In what is believed to be a first, representatives of three N.C. regional economic partnerships are teaming up with Secretary of Commerce Sharon Decker to pitch the state as a place for companies to locate or expand. They are planning a joint trip to New York in November.

Now that’s teamwork.

“It’s the first time in anyone’s memory that Charlotte, the Triangle and the Triad have organized a joint outreach mission,”  Lawrence Bivins of Evensong Communications, told WRALTechWire. “I’ve been writing about North Carolina economic development for 15 years, and I’ve never seen it.”

[Editor’s note: For the inside story about how the partnership came about, WRALTechWire talks with Bivins in much more detail. Subscribers can read the story online.]

Bivins has been retained to work with the groups and Commerce Department on the effort.

Rather than competing, the economic development leaders of the Research Triangle Regional Partnership, the Charlotte Regional Partnership and the Piedmont Triad Partnership will travel to the Big Apple to meet with business site selection consultants as well as journalists.

Accompanying them will be Decker, who under a mandate from Gov. Pat McrCrory is privatizing much of the state commerce department. Part of the changes ordered by McCrory included some cuts in funding of the economic partnerships, which are spread across the state.

However, in a joint announcement Tuesday, the heads of the three groups and Decker let bygones be bygones and said that bringing jobs to the state is more important than any one region. 

“The high-wage jobs and high-dollar investments that power our major metro areas are the fuel for North Carolina’s overall economic revival – moving the needle for us in the near-term as we reconsider the longer-range infrastructure and workforce needs of our state,” Decker said.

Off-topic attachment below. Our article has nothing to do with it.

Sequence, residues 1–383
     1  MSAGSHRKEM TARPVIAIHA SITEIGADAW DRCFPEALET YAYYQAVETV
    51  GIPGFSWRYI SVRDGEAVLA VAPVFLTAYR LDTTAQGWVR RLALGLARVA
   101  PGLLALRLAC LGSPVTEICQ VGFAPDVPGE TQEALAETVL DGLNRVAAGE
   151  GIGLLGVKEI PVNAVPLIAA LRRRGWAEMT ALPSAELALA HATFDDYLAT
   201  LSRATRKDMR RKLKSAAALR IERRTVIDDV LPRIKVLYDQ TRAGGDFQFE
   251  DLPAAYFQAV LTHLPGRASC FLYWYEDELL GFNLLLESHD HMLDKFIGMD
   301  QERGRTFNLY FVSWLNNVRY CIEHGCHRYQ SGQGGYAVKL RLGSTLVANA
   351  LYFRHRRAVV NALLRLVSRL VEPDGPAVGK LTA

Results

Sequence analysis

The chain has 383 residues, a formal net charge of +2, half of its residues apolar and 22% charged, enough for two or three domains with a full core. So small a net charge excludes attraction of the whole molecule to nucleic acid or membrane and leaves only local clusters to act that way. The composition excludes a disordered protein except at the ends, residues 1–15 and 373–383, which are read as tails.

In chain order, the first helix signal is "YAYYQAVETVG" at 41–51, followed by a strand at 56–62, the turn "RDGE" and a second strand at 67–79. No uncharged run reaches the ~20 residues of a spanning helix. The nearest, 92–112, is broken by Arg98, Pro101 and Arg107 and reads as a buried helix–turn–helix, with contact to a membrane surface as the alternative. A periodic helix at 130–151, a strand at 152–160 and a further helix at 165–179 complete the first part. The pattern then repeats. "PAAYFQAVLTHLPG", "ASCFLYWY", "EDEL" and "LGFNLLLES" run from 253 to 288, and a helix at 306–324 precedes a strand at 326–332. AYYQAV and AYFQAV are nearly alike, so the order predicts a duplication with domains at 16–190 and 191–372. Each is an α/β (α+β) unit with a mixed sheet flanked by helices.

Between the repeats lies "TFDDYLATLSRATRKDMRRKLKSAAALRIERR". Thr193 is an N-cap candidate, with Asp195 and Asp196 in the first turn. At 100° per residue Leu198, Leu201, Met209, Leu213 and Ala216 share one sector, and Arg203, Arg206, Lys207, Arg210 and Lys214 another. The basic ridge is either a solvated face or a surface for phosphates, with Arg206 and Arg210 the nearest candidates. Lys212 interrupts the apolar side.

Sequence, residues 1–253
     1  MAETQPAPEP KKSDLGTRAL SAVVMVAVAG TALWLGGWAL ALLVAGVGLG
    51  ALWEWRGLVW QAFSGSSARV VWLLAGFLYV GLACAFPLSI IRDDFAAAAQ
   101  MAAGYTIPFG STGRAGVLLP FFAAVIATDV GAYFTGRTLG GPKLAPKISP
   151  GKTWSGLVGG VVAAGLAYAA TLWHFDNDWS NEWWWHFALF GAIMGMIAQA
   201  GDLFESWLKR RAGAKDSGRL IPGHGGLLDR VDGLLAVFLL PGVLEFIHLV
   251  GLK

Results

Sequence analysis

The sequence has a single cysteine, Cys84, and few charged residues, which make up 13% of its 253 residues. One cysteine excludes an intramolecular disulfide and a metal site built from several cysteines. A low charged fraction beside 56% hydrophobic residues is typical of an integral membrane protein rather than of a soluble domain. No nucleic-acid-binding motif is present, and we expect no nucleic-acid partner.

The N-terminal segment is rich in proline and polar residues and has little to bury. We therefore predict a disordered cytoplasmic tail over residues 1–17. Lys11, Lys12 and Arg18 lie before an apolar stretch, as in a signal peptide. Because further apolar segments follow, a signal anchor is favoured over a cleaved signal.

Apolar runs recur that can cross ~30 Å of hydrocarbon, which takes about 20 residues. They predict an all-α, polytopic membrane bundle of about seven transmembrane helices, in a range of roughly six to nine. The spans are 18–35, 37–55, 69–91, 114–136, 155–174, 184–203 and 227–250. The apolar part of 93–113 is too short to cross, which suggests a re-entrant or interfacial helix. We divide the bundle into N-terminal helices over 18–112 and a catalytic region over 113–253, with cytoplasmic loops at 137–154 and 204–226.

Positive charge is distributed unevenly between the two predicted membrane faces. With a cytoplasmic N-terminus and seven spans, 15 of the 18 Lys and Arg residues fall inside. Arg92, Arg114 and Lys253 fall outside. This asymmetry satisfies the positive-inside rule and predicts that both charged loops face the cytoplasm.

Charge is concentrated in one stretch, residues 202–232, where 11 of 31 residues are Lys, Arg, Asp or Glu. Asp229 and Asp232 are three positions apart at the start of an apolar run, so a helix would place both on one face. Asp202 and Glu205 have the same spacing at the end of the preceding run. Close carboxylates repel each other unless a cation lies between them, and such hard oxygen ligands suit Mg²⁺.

“As state government reorganizes its programs and re-focuses resources, the timing was ideal for the urban regions to step forward and provide visible leadership,” added David Powell, CEO of the Piedmont Triad Partnership. “By coming together and working with Secretary Decker, we make a compelling statement about North Carolina’s ability to compete for – and win – game-changing projects.”

Ronnie Bryant, CEO of the Charlotte Regional Partnership, also stressed teamwork: “It’s our job to ensure that site advisors and corporate decision makers are well aware of the state’s diverse assets. We also want there to be no question that we will do everything possible on the local, regional and state levels to help businesses succeed in North Carolina.”

Charles Hayes, CEO of the Research Triangle Regional Partnership, said the three regions can pitch what he calls “city-states.”

“Economically, we have returned to the age of city-states,” he explained. “High concentrations of people and businesses, along with urban amenities such as commercial airports and research universities, are today the simplest predictors of job-growth and prosperity.”